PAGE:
And now let's look at Gumilyov's theory. There is a certain poorly defined parameter "passionarity", which is not measured in any way, there are mythical passion tremors. There is a set of states for which all this is supposedly being done. But we cannot measure the level of passionarity in any way, because there is no exact understanding of what it is. In addition, the points on the scale of history in which we need to somehow assess this passionarity are sometimes 2-3 thousand years away from our time, and the accuracy of their determination can be plus or minus several centuries.

As a result, a construction arises that, on the one hand, cannot be verified on real data, and on the other, with a certain amount of imagination and assumption, can be seen everywhere. Of course, this has nothing to do with science. And if we understand by alternative history not works of art, but the construction of a world with slightly changed rules of the game, then Gumilyov's theory falls exactly in this direction. This is really a very interesting and useful direction. It makes you think, take an interest in history, analyze facts, but this is not science.

The trouble with Russian readers is that it is often difficult for people who grew up on the same beautiful, but equally unverified Marxist theory of socio-economic formations to understand why Marxist theory cannot be replaced by Gumilyov's ideas.

For some reason, many engineering professionals do not always understand that in the social sciences, you also need to measure everything, only it is much more difficult to do this than using a caliper and an oscilloscope. But economists, historians, sociologists, and anthropologists have not been working without measurements for a long time. And that's right..."

Passionaries or adventurers?

In numerous comments, readers agreed with the author that Gumilyov's ideas have become very popular in near-scientific and even scientific Russian circles. And not only in historical science. So, Boris Tulukov writes:

"On the other hand, the concept itself has become quite firmly embedded in the historical background, especially in the popular one - in lectures, essays. Even among non-adherents of Gumilyov, you can meet the concept of passionarity - as a kind of socio-psychological phenomenon that well describes a certain type of people. And as a kind of scientific theory of history, which Gumilyov claimed, Gumilyov's passionate ethnogenesis does not stand up to criticism and is generally useless (like any other theory of history).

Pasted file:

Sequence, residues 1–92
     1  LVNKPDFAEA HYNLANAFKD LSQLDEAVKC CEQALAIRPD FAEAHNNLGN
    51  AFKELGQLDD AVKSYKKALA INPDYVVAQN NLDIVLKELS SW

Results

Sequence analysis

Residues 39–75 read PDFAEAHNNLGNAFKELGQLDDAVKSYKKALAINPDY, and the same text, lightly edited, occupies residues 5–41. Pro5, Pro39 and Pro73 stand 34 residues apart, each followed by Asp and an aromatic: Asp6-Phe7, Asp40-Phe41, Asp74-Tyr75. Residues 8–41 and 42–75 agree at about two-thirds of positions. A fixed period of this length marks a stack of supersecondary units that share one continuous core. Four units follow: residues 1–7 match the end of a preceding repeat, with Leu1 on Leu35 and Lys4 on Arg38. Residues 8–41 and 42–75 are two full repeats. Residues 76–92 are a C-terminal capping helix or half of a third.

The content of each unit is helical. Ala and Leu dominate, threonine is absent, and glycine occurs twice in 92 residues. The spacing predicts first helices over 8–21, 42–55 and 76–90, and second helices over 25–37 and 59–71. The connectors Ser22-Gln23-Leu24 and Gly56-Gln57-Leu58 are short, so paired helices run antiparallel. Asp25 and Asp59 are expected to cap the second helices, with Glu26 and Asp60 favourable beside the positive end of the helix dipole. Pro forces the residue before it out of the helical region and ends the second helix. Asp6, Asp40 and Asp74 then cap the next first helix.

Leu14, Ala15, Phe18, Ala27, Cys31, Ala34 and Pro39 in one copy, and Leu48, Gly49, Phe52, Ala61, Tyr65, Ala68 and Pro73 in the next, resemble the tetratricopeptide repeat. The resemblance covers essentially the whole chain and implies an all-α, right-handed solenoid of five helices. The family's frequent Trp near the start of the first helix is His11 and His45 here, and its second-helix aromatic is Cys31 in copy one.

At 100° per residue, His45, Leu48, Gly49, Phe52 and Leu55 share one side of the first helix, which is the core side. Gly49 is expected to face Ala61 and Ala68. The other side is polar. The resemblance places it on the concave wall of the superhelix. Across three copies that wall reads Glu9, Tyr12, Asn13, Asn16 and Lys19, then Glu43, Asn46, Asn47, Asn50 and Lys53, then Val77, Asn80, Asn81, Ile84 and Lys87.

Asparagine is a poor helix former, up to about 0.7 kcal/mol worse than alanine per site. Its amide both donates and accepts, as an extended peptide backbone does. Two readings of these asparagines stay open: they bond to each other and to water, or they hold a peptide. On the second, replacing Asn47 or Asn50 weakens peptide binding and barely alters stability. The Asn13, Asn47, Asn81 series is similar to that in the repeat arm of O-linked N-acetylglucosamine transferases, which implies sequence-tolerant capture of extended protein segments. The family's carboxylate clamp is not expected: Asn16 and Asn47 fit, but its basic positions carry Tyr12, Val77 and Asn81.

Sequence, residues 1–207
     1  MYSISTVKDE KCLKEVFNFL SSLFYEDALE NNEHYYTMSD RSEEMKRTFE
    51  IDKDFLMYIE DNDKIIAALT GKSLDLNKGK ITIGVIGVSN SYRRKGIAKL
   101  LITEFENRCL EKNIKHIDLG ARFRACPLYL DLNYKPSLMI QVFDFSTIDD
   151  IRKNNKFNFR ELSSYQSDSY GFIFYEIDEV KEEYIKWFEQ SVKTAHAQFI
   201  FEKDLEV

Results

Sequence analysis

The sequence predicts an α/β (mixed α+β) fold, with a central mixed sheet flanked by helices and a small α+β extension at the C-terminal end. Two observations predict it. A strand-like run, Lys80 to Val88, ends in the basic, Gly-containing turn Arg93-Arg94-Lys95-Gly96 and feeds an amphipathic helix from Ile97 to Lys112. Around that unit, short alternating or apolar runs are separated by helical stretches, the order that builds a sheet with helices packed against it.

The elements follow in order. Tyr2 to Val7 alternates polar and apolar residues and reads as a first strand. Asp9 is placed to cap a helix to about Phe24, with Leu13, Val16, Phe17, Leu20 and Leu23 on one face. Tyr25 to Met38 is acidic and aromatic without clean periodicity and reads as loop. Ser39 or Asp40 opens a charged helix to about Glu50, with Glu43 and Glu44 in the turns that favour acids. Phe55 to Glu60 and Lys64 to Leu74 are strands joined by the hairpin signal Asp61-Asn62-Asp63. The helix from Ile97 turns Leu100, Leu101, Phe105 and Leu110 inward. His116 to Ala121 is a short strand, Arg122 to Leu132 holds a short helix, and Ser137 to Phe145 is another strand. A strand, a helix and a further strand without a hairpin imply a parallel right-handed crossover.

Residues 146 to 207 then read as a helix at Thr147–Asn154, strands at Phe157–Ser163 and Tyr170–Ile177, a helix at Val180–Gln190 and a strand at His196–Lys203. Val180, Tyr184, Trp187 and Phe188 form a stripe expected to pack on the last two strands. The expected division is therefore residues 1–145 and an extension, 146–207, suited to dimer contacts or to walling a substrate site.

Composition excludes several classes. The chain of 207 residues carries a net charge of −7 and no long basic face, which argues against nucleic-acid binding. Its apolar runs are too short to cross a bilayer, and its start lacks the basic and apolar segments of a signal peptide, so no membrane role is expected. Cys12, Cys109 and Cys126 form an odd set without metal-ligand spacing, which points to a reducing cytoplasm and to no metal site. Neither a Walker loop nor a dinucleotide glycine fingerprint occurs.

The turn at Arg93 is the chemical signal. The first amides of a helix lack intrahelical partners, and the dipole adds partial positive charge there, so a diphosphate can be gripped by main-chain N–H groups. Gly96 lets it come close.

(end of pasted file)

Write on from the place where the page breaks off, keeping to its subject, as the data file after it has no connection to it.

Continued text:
I have seen it myself repeatedly, even when Gumilyov himself is directly criticized. I repeat, the term itself is quite convenient, the passionate type of people is really found in the sources. Here is a vivid example when the historian (our famous indologist Alaev) that's how he wants to say "passionarity", but then Gumilyov was not so popular: "...Yes, the thirst for enrichment of the "knights of initial accumulation" was boundless, but still it alone cannot explain the energy and perseverance shown by the British at the early stages of penetration into India, when they, not yet thinking about the possibility of conquering the vast subcontinent, still climbed and climbed forward, established themselves in Calcutta, subjugated Bengal, and then Bihar and Orissa.

The psychological situation of that time played a role here, a sincere conviction that the best way for a young man is to participate in the great enterprises of the nation, that the tension of all physical and spiritual forces is a normal human condition. The cult of the "strong personality", the "superman" originated in Europe at that time. Adventurism was a fashionable word of positive content, roughly unambiguous modern "heroism", "selflessness"."It would seem that there is no word, but the type of people is quite like Gumilyov..."

History cannot be measured!

But it is even more funny that even among the readers of Kulbaki there were adherents of Gumilyov's methods. For example, Ilya Balashov, who objects to the author:

"For me, economics looks more like shamanism than science. Just like sociology, and indeed most of the humanities "sciences". It is precisely because of the inability to carry out normal measurements on a variety of parameters.

On the one hand, there are clearly patterns that can and should be measured, and on the other, the degree of influence of various surprises from unaccounted factors in the choice of poets for elementary school literature to black swans...

Therefore, Gumilyov's ideas look quite adequate for that level of knowledge development, as well as many others (for example, races that are now rejected). Moreover, the role of personality in history in small communities is imho higher than in large ones.

P.S. There was a course of analytical chemistry at the institute, and it turned out that even just measuring the concentration of NaCl in a solution is often a non-trivial task.

I am not an economist and my education in economics is limited to a few hundred hours in ANH. In fact, the educational program...

I have been involved in corporate governance for a couple of decades and have seen various attempts everywhere to establish adequate information (necessary, accurate and on time) about the real state of affairs. One of the problems was sabotage at all levels.

How do economists measure the impact of nepotism, corruption, gray and black economies, lies in statistical reporting?

There are probably techniques that allow you to indirectly estimate the order of influence of these and other factors, but compared to materials science or aerodynamics, this ceases to look like an exact science..."